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Month: April, 2015

Cinderella…More than Just Another Fairy Princess Story

by Dawn Aldrich

cinderella shoeElla stood before her dying mother, frozen with fear. “I want to tell you a secret that will see you through all the trials that life can offer,” whispered her mother. “Have courage and be kind.” Choking back tears, Ella nodded and sealed the secret between them with one last hug.

Little did she know, but this little secret would see Ella through life’s toughest trials.

While we know Cinderella’s story well—the beloved daughter of an English merchant who, after the death of her mother, is forced to live with her abusive stepmother and selfish, spoiled, homely stepsisters until she finds Prince Charming—Disney turns us on our heels in the 2015 remake of this childhood favorite.

Yes, all of the original fairy tale stays intact with its magic and transforming powers, but goes beyond the “happily-ever-after” ending, leaving us with four key lessons:  (1) What you’re called is not your doing, (2) Kindness begets goodness, (3) Goodness begets “magic”. (4) Forgiveness precedes freedom.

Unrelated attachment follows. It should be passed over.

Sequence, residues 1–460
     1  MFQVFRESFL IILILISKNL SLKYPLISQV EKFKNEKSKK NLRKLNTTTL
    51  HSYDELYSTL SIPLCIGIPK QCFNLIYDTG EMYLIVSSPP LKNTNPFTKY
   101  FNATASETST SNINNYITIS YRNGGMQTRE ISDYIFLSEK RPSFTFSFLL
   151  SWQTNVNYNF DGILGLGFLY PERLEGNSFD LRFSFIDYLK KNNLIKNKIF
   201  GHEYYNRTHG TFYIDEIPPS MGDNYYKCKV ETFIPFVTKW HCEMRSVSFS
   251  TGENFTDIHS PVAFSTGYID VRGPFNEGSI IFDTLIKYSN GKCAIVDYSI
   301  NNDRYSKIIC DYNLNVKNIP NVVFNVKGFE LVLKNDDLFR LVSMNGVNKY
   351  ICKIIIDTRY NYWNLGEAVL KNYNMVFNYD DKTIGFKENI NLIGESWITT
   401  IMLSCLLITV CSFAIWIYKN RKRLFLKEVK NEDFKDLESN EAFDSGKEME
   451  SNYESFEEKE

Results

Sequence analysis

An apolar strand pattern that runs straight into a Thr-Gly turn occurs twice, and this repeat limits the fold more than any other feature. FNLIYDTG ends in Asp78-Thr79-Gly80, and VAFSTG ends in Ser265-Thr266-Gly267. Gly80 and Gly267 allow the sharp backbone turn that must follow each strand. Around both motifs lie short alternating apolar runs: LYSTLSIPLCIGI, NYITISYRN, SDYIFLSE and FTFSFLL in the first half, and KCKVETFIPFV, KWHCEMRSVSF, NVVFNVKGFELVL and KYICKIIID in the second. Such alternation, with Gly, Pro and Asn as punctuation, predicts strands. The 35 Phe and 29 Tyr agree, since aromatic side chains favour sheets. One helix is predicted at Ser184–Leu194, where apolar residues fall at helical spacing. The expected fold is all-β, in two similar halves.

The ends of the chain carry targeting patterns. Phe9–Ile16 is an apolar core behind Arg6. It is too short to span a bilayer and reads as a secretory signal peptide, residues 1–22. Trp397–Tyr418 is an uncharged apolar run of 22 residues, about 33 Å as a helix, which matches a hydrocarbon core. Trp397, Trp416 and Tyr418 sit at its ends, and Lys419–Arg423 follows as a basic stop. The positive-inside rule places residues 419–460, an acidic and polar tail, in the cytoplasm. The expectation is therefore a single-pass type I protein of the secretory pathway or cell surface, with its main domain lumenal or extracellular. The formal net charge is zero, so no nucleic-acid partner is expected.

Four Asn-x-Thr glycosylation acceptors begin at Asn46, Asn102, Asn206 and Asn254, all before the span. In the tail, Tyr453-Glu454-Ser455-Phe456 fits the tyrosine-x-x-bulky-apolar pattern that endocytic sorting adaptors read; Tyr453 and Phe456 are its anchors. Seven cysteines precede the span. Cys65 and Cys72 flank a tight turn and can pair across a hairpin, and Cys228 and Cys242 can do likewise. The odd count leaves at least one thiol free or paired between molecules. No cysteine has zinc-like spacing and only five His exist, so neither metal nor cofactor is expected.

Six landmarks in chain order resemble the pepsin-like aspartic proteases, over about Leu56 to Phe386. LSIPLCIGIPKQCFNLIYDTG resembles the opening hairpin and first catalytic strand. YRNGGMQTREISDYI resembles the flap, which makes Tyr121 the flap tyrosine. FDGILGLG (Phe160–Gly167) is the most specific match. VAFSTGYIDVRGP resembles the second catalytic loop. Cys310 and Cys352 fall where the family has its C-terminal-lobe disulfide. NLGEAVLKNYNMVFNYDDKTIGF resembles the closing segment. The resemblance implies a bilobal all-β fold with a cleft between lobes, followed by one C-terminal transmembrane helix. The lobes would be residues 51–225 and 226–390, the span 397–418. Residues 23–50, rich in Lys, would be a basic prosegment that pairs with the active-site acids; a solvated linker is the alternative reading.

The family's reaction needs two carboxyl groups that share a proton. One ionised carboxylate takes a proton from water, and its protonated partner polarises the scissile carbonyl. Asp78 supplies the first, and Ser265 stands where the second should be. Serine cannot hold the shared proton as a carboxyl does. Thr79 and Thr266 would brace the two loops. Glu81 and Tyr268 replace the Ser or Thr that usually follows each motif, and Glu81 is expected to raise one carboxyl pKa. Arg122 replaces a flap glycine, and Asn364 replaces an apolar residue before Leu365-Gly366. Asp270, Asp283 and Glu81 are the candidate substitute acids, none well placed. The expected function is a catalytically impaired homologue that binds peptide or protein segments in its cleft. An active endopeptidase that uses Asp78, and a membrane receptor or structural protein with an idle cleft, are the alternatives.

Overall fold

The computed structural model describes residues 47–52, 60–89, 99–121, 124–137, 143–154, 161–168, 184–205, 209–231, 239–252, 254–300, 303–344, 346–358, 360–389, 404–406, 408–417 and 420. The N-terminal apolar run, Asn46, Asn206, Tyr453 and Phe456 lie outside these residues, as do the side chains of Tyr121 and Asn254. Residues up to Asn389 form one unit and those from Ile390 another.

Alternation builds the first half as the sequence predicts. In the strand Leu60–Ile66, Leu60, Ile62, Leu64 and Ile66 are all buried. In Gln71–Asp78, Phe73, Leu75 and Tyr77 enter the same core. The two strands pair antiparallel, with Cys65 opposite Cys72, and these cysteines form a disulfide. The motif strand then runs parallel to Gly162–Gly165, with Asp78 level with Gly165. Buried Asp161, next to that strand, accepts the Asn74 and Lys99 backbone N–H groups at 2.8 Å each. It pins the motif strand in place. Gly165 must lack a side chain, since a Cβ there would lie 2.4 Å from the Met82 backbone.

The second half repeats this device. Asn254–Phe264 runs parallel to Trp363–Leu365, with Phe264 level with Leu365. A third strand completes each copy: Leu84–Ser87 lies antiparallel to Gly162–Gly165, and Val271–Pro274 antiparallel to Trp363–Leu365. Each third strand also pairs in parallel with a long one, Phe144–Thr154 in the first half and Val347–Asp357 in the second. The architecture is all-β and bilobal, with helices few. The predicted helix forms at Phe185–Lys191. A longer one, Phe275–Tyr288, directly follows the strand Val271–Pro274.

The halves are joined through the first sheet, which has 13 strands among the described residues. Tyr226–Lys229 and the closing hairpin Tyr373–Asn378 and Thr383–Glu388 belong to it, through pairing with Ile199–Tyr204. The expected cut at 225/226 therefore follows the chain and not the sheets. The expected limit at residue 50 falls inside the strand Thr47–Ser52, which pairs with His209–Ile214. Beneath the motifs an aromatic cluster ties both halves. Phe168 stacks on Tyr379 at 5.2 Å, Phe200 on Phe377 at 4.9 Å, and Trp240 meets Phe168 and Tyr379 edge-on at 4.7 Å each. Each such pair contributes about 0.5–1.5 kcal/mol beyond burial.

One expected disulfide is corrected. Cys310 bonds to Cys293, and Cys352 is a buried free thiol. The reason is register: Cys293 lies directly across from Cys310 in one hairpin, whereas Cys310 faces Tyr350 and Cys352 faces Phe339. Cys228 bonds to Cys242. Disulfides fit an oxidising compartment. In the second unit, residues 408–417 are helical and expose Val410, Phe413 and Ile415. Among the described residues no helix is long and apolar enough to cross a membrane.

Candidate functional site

Lesson One: Have courage – what you’re called is not your doing

Cinderella and Prince Charming first meet while riding on horseback in the woods. After exchanging niceties, the prince asks Cinderella, “What do they call you?” Embarrassed by the truth, Cinderella plays coy, “It doesn’t matter what they call me.” And the prince, seeming to understand her secret, states, “I’m sure it’s none your doing.”

We all carry labels, you know, those names others slap on our backs that distort God’s image of who He created. What we’re called is not our doing, not our true identity. God holds our true identity, our true name. Throughout the Bible, God renames His faithful ones to match His purpose for their lives, signifying the death of their old identity and the birth of their identity in Him.  For example: Abram (high father) to Abraham (father of many), Genesis 17:5,  Jacob (supplanter) to Israel (God contended), Genesis 32:28, and  Saul (prayed for) to Paul (small, humble), Acts 13:9. Living that transformed life, living by the name God intended for us rather than the labels by which others call us, takes enormous courage because we’re constantly bombarded with the lies.

 Lesson Two: Kindness begets goodness